In 2009, both the selected and null WPV1 models were very poorly predictive. This result is largely due to a flare-up of WPV1 in southern Nigeria in 2009, in districts that had not previously reported a case (see Additional File 1: Figure S3E, F). The relatively poor predictive power of the model in the first half of 2010 (AUC=0.71) is associated with an uncharacteristically small number of reported WPV1 cases (two cases).As such, a useful quantity for policy makers is the expected proportion of cases contained within a set of the highest risk districts (Figure 6B). Historically in Nigeria, 85 to 90% of future cases have appeared in the 200 highest risk districts, and 55% of future cases have appeared in the 100 highest risk districts under the selected model.
Uncertainty in prioritization according to predicted caseload
The model uncertainty can be translated into a district rank uncertainty using 1,000 samples from the posterior distribution of parameters (Figure 7A). The highest and lowest ranked districts exhibit the lowest rank uncertainty. Given a desired list size, the probability of a district being included in the highest risk list can be calculated (Figure 7B, C). Under the selected model, each of the 30 districts with highest predicted risk has more than a 90% probability of being included in the 100 highest ranked districts in June through November 2013.
The smoothing model handles missing data and smooths over unrealistic changes in indicators, such as rapid six-month fluctuations in the under-five immunity estimated from sparse NP-AFP samples. In the absence of any vaccination, the under-five OPV-induced population immunity should decrease by roughly 8-9% in a six-month period (see Figure 1B)c. Though thresholds based on this or similar considerations are not explicit in our smoothing model, the smoothed variations between time periods are more realistic than those in empirical data. Smoothing models could be improved by limiting changes between time points to demographically constrained values.
Despite its limitations , the OPV-based population immunity, calculated using efficacies derived from case-control population studies [29, 33], is strongly associated with the presence and case count of WPV1 at the district level in Nigeria. It is the only covariate significantly associated with the number of cases in a district.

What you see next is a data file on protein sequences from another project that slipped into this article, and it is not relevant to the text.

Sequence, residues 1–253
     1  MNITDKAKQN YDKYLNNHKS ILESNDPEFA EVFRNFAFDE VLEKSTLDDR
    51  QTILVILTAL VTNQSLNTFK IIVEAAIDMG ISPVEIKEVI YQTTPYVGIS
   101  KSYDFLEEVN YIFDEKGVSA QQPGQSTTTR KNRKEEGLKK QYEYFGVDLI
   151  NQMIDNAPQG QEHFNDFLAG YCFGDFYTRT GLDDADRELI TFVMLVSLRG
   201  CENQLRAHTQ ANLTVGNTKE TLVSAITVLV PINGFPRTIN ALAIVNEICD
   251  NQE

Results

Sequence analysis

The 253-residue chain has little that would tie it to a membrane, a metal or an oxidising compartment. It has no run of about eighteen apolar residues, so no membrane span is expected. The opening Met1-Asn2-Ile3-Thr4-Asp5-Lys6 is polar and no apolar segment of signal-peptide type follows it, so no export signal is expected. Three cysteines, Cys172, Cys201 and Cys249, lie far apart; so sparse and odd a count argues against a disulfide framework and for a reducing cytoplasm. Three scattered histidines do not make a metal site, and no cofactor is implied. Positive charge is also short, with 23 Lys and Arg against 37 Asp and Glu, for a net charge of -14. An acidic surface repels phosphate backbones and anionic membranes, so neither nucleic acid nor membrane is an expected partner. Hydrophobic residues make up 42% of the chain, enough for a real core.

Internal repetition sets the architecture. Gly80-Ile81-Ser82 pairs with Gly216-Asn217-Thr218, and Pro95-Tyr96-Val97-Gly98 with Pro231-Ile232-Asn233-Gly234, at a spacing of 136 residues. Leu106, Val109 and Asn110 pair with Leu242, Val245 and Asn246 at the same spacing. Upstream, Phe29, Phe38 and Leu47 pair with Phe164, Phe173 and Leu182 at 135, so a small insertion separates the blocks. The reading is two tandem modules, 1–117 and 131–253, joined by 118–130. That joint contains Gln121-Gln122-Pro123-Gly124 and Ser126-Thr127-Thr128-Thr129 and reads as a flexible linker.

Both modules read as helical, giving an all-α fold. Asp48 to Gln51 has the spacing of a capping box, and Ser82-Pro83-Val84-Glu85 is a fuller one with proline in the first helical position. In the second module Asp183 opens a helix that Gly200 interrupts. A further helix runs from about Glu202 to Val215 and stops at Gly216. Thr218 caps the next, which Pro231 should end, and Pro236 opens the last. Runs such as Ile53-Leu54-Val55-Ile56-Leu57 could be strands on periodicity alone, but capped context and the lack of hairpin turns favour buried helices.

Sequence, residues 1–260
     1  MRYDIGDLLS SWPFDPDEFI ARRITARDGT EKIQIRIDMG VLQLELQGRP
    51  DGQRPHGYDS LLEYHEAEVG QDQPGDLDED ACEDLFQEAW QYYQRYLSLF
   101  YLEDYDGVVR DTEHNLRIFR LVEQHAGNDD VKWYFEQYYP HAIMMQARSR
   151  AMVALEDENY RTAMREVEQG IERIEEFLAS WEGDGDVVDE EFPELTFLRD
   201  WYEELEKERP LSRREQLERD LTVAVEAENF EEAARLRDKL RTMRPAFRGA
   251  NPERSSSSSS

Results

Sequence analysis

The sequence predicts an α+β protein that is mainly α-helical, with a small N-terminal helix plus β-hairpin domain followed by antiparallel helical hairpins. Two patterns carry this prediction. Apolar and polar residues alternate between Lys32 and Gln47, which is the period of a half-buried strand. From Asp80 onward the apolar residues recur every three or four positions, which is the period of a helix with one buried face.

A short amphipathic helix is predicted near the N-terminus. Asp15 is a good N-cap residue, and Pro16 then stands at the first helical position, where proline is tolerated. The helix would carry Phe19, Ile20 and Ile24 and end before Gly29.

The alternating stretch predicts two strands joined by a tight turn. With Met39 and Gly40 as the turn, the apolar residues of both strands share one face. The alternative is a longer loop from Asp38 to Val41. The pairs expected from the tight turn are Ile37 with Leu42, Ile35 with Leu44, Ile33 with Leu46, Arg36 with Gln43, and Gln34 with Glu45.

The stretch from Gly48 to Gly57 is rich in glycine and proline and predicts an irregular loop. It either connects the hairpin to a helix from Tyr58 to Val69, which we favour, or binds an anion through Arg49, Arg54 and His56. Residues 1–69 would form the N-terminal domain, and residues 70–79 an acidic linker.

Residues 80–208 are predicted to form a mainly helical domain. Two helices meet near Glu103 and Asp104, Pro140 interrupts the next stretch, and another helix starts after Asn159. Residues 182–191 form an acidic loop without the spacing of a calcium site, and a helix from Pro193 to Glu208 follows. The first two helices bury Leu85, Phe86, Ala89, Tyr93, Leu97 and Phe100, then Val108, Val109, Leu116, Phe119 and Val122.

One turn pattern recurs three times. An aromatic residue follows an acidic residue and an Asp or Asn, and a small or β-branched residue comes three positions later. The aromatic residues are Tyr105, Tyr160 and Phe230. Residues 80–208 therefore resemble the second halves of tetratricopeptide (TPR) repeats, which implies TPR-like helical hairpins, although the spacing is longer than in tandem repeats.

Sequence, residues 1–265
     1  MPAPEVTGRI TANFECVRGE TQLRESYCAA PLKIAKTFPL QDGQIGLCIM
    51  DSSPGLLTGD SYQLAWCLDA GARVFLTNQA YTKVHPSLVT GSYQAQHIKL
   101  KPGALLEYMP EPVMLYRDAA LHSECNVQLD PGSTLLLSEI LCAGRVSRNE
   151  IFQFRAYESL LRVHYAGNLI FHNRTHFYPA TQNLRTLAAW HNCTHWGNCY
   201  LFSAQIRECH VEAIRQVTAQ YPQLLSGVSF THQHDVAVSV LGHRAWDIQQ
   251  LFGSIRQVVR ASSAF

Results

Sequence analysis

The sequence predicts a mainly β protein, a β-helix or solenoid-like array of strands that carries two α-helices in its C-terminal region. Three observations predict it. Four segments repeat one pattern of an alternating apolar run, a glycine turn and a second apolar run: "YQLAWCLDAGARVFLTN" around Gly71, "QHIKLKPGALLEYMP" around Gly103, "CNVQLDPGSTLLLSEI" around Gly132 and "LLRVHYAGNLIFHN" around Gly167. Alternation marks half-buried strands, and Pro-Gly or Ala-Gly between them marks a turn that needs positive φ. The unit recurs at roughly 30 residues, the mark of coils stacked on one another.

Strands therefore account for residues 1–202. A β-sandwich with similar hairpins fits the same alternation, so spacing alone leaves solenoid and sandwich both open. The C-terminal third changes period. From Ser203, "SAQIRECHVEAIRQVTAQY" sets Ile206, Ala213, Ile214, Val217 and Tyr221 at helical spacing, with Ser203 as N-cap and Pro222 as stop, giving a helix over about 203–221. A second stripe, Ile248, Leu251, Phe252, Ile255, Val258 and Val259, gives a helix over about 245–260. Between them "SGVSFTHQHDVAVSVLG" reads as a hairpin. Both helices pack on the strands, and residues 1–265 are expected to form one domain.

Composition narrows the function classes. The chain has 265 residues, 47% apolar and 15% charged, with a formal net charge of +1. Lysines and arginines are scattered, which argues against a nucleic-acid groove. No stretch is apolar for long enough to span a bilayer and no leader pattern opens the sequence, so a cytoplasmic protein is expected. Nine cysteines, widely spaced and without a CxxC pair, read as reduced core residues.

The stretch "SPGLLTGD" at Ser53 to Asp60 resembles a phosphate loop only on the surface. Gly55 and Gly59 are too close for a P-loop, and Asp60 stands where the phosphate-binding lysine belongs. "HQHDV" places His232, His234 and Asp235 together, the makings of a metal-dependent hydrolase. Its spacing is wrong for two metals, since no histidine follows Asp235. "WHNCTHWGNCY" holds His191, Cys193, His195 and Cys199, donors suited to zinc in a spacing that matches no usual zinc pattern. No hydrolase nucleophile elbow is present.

It is expected that the recent caseload is significantly associated only with the expected presence of WPV1, as recent circulation has a mixed effect on the future case count. While a large number of cases within a time period suggests potentially higher transmission (temporally and spatially) from a large infectious reservoir, WPV1 circulation will also boost natural immunity in an area, providing additional protection and reducing the expected caseload in the ensuing time period . Indeed, we find that both recent caseload within a district and in surrounding districts are significantly associated with the probability of a WPV1 case, but not the number of WPV1 cases.
Although increased population density is thought to increase poliovirus transmission potential , we find no association in either portion of the model. Due to data limitations, population density was calculated at the district level, which may be a poor representation of the experienced population density on more functional scales of transmission, such as the population density immediately surrounding the household reporting a WPV case. A more fine-grained analysis is needed to better understand the impact of population density of WPV transmission.
The ability to detect an association between zero-dose fraction, an indicator of possible clustering of vulnerability within a district, and the presence and number of WPV1 cases was compromised by a strong correlation between population immunity and zero-dose fraction. The collinearity between these indicators resulted in a negative association between zero-dose fraction and the number of WPV1 cases in a district, while in a model without population immunity, zero-dose fraction has a strong positive association with the number of cases in a district.
Although the historical predictive accuracy is high, covariates in the selected model do not substantially improve the forecasting ability of the model over the null model. In a null model, the random effects capture the mean historical frequency and number of WPV1 cases within a district. This result suggests that although dynamic indicators are associated with WPV1 transmission, historical transmission patterns are stronger predictors of future transmission than available model covariates.
The decrease in performance in 2009 is caused by a flare-up in WPV1 cases in southern districts with no history of WPV1 transmission in our dataset; because the spatial random effects alone are strong predictors of future caseloads, this modeling approach places very little risk in areas with no historical cases in the dataset. The selected model performed as poorly as the null model during this time period, indicating that factors other than calculated OPV-derived population immunity and local transmission contributed to this outbreak.